Hy­dro One pay just a dis­trac­tion, ex­perts say

Elec­tric­ity ‘mess’

The Sun Times (Owen Sound) - - FORUM - TOM BLACKWELL

TORONTO • On­tario’s Pro­gres­sive Con­ser­va­tive leader stood in the rain Tues­day and protested at the doorstep of an un­likely Tory vil­lain — a big cor­po­rate head­quar­ters.

Sur­rounded by sign-wield­ing sup­port­ers, Doug Ford con­demned Hy­dro One and the steep salaries paid to bosses and board mem­bers of the re­cently pri­va­tized elec­tri­cal util­ity.

It was just his lat­est take on a re­cur­ring cam­paign theme. Al­most daily, Ford in­vokes the “$6-mil­lion man” — Hy­dro One chief ex­ec­u­tive Mayo Sch­midt — and con­trasts Sch­midt’s an­nual in­come to the strug­gles of or­di­nary On­tar­i­ans and their hefty power bills.

That com­par­i­son is cer­tainly stark. But how much do those now-in­fa­mous pay­cheques re­ally have to do with the mis­man­age­ment and scan­dal that have be­set the prov­ince’s elec­tric­ity sys­tem un­der Lib­eral rule?

Well, ac­tu­ally, al­most noth­ing, say en­ergy ex­perts.

Gen­er­at­ing elec­tric­ity in On­tario costs about $21 bil­lion a year, dwarf­ing the salaries not only of Hy­dro One — which dis­trib­utes the power — but of ev­ery top ex­ec­u­tive in the sec­tor com­bined, notes Tom Adams, a prom­i­nent en­ergy con­sul­tant,

“The elec­tric­ity sys­tem is a mess — it has to be recon­cep­tu­al­ized and re­struc­tured from the ground up,” says Adams. “I’m just re­ally con­cerned about the politi­cians not think­ing care­fully about this … The dem­a­goguery has got­ten out of hand.”

As a cam­paign tac­tic, how­ever, Ford’s Hy­dro One salary fix­a­tion ap­pears a win­ner, a straight­for­ward sym­bol of broader con­tro­ver­sies that res­onates with vot­ers an­gered by hy­dro in­fla­tion.

Among the TV-news-like videos posted by the Tories on their Face­book page, those high­light­ing re­cent raises for Hy­dro One ex­ec­u­tives — and this week its board mem­bers — far out­strip oth­ers in pop­u­lar­ity, one of them viewed well over 700,000 times.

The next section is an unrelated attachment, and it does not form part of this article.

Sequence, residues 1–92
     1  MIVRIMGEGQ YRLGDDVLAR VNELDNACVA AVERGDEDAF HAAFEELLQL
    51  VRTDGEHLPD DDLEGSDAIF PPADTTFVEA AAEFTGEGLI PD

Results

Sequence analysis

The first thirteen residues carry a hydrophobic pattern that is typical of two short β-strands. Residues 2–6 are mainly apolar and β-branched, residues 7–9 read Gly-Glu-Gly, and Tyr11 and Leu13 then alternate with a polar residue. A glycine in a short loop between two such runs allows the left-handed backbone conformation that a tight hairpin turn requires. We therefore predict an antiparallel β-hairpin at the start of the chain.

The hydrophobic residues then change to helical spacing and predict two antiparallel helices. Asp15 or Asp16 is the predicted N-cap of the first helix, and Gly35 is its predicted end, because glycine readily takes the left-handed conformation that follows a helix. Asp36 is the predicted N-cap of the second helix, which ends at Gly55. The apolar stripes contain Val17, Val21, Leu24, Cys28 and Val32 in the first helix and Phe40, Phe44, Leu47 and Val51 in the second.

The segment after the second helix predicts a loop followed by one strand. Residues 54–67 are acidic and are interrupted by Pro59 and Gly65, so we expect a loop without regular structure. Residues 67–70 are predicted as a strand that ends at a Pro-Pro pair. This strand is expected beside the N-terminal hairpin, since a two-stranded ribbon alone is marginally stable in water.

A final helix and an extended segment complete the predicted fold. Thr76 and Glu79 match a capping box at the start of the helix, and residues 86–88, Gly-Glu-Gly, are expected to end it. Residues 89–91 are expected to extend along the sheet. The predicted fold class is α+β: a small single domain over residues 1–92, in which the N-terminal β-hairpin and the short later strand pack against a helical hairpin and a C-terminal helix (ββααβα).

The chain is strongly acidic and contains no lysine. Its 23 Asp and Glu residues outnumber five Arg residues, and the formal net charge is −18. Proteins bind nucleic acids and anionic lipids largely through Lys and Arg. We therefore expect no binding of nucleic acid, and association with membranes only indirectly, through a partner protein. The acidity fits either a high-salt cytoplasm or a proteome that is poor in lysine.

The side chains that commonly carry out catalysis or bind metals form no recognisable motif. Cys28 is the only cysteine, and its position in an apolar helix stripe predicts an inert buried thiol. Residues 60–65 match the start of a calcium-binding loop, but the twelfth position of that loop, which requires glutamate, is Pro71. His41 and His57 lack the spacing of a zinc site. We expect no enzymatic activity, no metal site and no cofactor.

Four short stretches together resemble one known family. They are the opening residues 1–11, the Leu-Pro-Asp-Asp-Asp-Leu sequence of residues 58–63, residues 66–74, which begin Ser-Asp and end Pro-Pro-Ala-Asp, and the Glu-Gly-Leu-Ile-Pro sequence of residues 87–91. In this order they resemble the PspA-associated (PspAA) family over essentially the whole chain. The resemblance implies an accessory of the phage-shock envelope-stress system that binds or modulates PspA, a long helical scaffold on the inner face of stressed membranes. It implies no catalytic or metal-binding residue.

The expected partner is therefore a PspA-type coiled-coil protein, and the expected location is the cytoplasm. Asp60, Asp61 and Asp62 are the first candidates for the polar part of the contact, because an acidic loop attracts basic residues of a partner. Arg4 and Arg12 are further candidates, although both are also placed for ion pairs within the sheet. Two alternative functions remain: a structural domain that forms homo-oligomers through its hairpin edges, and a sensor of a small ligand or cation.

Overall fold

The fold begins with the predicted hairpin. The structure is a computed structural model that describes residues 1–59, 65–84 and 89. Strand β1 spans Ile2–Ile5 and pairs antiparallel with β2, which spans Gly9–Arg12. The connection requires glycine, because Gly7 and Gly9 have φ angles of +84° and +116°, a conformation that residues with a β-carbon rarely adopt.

The PCs’ polling, and cam­paign ex­pe­ri­ence, con­firms that the salary an­gle strikes a chord, said a se­nior cam­paign of­fi­cial, speak­ing on con­di­tion of anonymity.

The of­fi­cial in­sisted the is­sue is not merely sym­bolic, but symp­to­matic of a Lib­eral gov­ern­ment out of touch with the ag­gra­va­tion their poli­cies have gen­er­ated.

“This is def­i­nitely the No. 1 is­sue with vot­ers,” said the PC or­ga­nizer. “Peo­ple are just feel­ing left be­hind, they’re feel­ing left be­hind and that ev­ery­one is cash­ing in at their ex­pense.”

On­tario’s elec­tri­cal sys­tem un­de­ni­ably is and should be a ma­jor is­sue lead­ing up to the June 7 elec­tion.

Hy­dro rates rose at sev­eral times the rate of in­fla­tion in the years after the Lib­er­als came to power in 2003, first un­der Dal­ton McGuinty, then cur­rent Premier Kath­leen Wynne.

The prov­ince’s au­di­tor gen­eral has es­ti­mated that On­tar­i­ans paid a mind-bog­gling $37 bil­lion too much for elec­tric­ity be­tween 2006 and 2014, partly be­cause of overly gen­er­ous con­tracts for re­new­able en­ergy and poor plan­ning.

A plan to re­duce hy­dro bills by 25 per cent last year, funded with bor­rowed money, will it­self cost $21 bil­lion in in­ter­est, ac­cord­ing to On­tario’s Fi­nan­cial Ac­count­abil­ity Of­fice.

Hy­dro, says Adams, has been a “pub­lic pol­icy dis­as­ter on an epic scale.”

But both the Con­ser­va­tives and NDP seem to have missed the point in ad­dress­ing the is­sue, an­a­lysts say.

Fir­ing Sch­midt, as Ford has pledged, “would do next-to-noth­ing to lower rates, while con­tin­u­ing a more than decade-long trend of grow­ing po­lit­i­cal in­ter­fer­ence in the sec­tor,” says Brady Yauch, an econ­o­mist with the free-mar­ke­to­ri­ented Con­sumer Pol­icy In­sti­tute.

Ford has also promised he would scrap overly ex­pen­sive en­ergy con­tracts wher­ever pos­si­ble, and re­duce con­sumer rates by a fur­ther 12 per cent, partly by us­ing div­i­dends paid by Hy­dro One.

But he would keep in­tact the Lib­er­als’ Fair Hy­dro Plan — the 25 per cent rate cut that un­til re­cently the Tories reg­u­larly blasted.

The NDP says it would buy back the 51-per-cent of Hy­dro One the gov­ern­ment sold, also us­ing those Hy­dro One div­i­dends. Com­bined with other mea­sures, it says it can achieve a 30 per cent rate cut.

Adams shakes his head at both par­ties’ poli­cies, say­ing those div­i­dends now ef­fec­tively sub­si­dize hy­dro rates by pay­ing off stranded elec­tri­cal debt.

“It seems kind of ob­vi­ous that you can’t spend a dol­lar twice,” he says.

Adams says the so­lu­tions should start with an­a­lyz­ing the state of cur­rent en­ergy con­tracts and get­ting out of over-priced deals where pos­si­ble, though he says that will not be as easy as some sug­gest.

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